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Kogan Implements Special Internet Explorer 7 Tax To Discourage Users From Using It

Internet Explorer has effectively lost the battle of browsers as Chrome has superseded it to take the position of the top online browser and the popularity of Mozilla Firefox is also steadily rising. However, IE, specifically IE 7, which is a very heavy and rather outdated browser, continues to be used by many users. It appears now that some retailers don’t want their users using IE 7 anymore.


Ruslan Kogan is a very well-known name in Australia. He is the pioneer of online retail in Australia and is one of the most successful entrepreneurs in the region. Currently, he heads Kogan.com which is a huge retailer of consumer electronics and has sales of well above $100 million a year!

The interesting thing about Kogan is that he is outright candid and speaks his heart out, whatever the issue be. This may have also played a huge role in making him such a successful entrepreneur. Now, Kogan has come out with his stark dislike for Microsoft’s IE7 and has announced that such users who make purchases from Kogan.com using the browser will be charged an addition tax, something which he calls the world’s first ‘Internet Explorer 7 Tax.’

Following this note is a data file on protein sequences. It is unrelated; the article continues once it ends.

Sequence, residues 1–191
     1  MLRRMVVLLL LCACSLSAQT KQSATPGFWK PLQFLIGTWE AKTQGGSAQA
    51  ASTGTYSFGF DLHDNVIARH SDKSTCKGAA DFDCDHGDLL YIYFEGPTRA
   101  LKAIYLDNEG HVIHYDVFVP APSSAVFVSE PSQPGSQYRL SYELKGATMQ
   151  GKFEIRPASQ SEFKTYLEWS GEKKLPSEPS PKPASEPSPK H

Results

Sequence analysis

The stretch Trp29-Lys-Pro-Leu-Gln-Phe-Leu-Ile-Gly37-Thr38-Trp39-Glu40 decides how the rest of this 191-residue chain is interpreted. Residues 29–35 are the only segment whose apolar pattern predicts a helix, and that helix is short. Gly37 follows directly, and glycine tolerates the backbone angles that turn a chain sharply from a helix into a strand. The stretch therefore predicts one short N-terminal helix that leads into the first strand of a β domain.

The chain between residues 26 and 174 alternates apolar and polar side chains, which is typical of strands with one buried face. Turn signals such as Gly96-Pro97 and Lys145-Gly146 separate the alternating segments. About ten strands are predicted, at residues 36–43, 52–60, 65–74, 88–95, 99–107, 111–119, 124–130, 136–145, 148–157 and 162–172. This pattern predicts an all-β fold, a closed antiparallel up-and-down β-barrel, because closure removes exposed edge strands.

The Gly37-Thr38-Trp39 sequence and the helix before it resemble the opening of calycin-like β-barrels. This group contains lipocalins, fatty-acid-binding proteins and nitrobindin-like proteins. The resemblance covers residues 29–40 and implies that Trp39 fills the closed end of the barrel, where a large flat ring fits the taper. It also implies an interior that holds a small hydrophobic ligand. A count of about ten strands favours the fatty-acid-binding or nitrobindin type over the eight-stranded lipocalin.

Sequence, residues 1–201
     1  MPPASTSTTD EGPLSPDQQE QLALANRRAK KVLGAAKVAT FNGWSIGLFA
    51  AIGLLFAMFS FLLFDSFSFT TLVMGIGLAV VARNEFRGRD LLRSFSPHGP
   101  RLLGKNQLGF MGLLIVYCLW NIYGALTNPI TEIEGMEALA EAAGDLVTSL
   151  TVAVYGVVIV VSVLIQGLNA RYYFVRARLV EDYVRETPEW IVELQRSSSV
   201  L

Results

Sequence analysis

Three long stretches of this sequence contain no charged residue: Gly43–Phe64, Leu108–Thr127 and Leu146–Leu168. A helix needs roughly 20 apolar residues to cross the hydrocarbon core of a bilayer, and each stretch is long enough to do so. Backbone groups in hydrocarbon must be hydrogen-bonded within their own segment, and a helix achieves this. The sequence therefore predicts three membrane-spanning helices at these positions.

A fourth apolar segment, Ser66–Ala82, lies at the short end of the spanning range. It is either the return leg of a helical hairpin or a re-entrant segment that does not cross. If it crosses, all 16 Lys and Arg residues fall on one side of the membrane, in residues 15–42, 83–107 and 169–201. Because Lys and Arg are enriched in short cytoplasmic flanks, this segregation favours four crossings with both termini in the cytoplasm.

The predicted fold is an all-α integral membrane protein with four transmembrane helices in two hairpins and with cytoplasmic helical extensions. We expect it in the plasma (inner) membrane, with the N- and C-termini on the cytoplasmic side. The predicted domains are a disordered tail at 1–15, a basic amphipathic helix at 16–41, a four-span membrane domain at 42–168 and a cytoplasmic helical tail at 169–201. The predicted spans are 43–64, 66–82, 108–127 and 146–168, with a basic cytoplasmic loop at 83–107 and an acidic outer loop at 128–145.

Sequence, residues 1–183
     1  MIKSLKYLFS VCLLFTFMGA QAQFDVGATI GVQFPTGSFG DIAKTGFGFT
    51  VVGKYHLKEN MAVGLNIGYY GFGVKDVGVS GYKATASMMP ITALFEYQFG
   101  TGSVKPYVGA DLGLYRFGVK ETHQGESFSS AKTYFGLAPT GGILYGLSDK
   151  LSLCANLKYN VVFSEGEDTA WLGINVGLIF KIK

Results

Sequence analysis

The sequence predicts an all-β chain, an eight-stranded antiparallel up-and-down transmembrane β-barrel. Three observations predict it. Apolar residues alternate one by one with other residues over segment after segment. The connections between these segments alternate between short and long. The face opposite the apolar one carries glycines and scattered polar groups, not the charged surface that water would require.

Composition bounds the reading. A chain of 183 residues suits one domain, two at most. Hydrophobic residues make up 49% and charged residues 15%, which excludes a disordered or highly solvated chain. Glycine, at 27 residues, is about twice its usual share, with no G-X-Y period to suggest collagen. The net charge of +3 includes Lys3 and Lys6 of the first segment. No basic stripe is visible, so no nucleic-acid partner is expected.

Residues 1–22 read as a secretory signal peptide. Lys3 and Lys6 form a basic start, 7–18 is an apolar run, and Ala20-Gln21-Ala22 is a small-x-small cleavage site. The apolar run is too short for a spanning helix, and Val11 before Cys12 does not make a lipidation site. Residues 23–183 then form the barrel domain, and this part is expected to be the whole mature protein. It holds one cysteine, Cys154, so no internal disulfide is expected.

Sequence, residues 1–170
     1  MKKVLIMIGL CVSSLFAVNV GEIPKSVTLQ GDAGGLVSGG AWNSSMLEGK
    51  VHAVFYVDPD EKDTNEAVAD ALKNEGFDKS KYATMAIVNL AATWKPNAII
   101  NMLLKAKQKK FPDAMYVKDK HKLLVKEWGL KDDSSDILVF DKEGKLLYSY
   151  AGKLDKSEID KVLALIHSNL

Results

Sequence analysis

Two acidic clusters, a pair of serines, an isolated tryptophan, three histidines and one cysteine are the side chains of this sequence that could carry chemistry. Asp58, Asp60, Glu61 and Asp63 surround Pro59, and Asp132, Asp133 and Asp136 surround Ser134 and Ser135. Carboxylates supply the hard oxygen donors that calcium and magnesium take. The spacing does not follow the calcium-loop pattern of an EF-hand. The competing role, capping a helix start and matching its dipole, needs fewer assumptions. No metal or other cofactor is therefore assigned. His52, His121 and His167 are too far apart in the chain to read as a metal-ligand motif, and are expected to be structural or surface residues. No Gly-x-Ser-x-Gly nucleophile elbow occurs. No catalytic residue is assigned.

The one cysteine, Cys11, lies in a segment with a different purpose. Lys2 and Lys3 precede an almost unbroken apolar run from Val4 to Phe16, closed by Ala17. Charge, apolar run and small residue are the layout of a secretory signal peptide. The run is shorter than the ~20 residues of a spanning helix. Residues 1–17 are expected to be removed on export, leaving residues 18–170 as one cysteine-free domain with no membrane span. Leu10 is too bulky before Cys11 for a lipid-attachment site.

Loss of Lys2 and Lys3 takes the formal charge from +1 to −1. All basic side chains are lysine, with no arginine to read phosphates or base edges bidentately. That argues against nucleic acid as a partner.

And it is no nominal amount. The users making purchases using IE7 will be billed an additional 6.8 percent tax on all their products. Putting his personal dislike of the browser aside, Kogan’s logic is simple, “The way we’ve been able to keep our prices so low is by using technology to make our business efficient and streamlined. One of the things stopping that is our web team having to spend a lot of time making our new website look normal on IE7. This is an extremely old browser, so from today, anyone buying from the site who uses IE7 will be lumped with a 6.8% surcharge – that’s 0.1% for each month IE7 has been on the market.”

This is an interesting take since Internet Explorer, indeed, has been left far behind when it comes to competitiveness of a browser. And it is more of a strain for online web developers to try and make their pages compatible with this old player. According to Kogan, the browser is costing millions of dollars to the online economics and users must update from it to better browsers.

Kogan is rather hopeful with this move when he says, “This will help us increase our efficiency, help keep prices for all smart shoppers down, and hopefully help eradicate the world of the pain in the rear that is IE7!”

Source: Kogan Blog

Courtesy: TechCrunch

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